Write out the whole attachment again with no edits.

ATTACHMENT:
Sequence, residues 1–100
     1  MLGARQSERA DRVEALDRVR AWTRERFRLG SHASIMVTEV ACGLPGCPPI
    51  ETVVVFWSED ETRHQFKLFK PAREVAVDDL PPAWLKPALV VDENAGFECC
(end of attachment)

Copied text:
Sequence, residues 1–100
     1  MLGARQSERA DRVEALDRVR AWTRERFRLG SHASIMVTEV ACGLPGCPPI
    51  ETVVVFWSED ETRHQFKLFK PAREVAVDDL PPAWLKPALV VDENAGFECC